Straight-line recognition is one of the most commonly used accounting methods whereby the total expense or revenue recorded for a period of time is allocated evenly among all the reporting periods, despite required payments varying over the same term. This method provides a systematic and rational allocation of expense or revenue and is the preferred method of allocation unless a more appropriate method is available. Straight-line recognition is commonly applied to fixed asset depreciation and intangible asset amortization. It is also applied to other types of expenses such as a prepaid insurance agreement and certain revenue streams like subscription agreements. Specifically, under ASC 840 and ASC 842, the straight-line method is used for the recognition of rent expense and rental revenue from operating leases.
In this article, we will discuss straight-line rent expense calculations for leases. Under current US GAAP, the FASB states that even when rents are not constant, the lease expense should be recognized on a straight-line basis throughout the life of the lease. This method of rent expense recognition is applicable under both ASC 840 and ASC 842 for leases classified as operating leases.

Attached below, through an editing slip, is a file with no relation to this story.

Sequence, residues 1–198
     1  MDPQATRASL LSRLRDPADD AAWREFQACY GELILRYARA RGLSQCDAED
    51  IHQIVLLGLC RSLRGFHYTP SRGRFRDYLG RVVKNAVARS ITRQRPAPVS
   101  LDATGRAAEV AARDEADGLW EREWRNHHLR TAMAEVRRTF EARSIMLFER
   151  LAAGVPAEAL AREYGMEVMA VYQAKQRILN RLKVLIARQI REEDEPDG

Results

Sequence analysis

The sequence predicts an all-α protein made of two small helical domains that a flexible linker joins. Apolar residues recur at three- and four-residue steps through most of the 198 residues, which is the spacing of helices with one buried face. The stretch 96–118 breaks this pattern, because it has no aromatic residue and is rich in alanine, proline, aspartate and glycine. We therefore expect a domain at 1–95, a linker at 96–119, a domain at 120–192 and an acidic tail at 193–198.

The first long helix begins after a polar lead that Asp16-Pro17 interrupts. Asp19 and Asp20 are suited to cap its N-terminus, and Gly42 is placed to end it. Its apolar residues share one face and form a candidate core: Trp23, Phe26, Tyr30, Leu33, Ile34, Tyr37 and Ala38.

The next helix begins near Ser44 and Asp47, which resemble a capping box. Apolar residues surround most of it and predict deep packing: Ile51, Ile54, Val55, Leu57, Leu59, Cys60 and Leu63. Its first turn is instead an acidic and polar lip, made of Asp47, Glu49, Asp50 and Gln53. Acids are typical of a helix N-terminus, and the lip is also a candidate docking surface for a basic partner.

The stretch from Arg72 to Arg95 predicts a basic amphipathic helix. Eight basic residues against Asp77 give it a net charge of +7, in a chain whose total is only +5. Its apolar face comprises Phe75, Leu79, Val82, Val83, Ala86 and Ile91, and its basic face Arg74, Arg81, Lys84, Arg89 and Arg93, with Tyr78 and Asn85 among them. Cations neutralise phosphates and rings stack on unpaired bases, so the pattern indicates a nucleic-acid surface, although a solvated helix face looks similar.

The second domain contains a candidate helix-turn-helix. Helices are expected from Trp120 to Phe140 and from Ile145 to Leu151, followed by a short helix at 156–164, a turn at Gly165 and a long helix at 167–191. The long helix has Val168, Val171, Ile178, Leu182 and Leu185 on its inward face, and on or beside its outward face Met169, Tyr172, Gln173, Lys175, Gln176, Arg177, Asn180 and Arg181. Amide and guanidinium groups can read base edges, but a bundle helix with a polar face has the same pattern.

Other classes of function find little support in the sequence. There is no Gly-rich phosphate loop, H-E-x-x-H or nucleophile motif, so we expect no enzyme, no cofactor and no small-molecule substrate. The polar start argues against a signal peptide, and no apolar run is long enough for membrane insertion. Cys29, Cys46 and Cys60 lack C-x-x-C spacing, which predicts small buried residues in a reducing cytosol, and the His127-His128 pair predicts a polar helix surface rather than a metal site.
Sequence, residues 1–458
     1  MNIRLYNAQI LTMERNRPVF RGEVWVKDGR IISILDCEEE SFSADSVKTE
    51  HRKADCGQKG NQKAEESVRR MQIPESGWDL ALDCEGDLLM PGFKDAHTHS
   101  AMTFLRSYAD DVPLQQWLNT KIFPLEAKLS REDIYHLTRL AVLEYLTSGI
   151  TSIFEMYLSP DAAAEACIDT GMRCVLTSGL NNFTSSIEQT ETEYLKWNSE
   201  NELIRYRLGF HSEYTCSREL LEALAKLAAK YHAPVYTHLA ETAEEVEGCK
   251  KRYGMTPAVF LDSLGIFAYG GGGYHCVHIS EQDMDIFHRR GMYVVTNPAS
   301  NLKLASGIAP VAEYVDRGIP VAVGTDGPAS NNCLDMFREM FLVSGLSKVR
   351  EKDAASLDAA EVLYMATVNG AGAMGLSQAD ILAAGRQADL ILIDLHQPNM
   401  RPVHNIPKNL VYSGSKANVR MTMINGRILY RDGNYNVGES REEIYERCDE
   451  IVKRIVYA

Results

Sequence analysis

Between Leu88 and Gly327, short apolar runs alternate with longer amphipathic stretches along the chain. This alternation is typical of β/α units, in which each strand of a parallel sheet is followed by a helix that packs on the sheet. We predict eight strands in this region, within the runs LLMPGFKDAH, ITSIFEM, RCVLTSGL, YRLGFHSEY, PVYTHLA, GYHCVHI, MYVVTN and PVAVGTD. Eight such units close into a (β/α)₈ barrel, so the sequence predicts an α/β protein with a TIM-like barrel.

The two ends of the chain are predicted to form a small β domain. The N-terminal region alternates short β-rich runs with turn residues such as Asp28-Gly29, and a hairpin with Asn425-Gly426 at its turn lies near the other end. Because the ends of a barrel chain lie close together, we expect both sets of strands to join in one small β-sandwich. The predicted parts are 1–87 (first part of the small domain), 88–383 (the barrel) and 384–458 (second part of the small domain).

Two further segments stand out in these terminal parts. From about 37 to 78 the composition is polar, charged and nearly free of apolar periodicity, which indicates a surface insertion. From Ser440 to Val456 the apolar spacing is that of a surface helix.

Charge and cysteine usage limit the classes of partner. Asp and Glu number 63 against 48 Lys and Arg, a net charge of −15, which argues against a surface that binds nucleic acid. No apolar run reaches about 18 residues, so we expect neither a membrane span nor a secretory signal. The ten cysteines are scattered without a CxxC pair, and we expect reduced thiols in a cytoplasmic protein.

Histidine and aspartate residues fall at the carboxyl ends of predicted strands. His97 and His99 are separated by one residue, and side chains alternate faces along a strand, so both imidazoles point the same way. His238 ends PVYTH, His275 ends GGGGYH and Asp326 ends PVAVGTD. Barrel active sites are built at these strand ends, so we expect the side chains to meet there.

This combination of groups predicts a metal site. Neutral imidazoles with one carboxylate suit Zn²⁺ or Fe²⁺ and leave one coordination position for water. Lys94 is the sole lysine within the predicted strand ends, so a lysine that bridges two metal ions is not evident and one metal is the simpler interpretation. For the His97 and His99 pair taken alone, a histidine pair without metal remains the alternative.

The new lease accounting standard addresses the recognition of a single lease expense over the term of the lease for operating leases in ASC 842-20-25-6:
“A single lease cost, calculated so that the remaining cost of the lease is allocated over the remaining lease term on a straight-line basis unless another systematic and rational basis is more representative of the pattern in which benefit is expected to be derived from the right to use the underlying asset.”
Under both ASC 840 and ASC 842, the formula to calculate the straight-line expense is as follows: Total net lease payments divided by the total number of periods in the lease.
For an in-depth discussion of operating lease accounting under ASC 842 and a full example with deferred rent expense and journal entries, read our blog, “Operating Lease Accounting under the New Standard, ASC 842: Full Example and Explanation.”
Additional items within the lease agreement that need to be factored into the straight-line lease expense calculation may include the following:
- Lease incentives – An incentive is an instance in which the lessor motivates the lessee to sign the lease by offering beneficial terms. A common example of a lease incentive is a tenant improvement allowance. If the lease incentive has not been paid at the lease commencement date, the anticipated cash inflows from the incentive are netted against the cash outflows for the lease payments and factored into the straight-line rent expense calculation. For a more in-depth explanation of lease incentive accounting please refer to this article, Lease Incentive Accounting under ASC 842.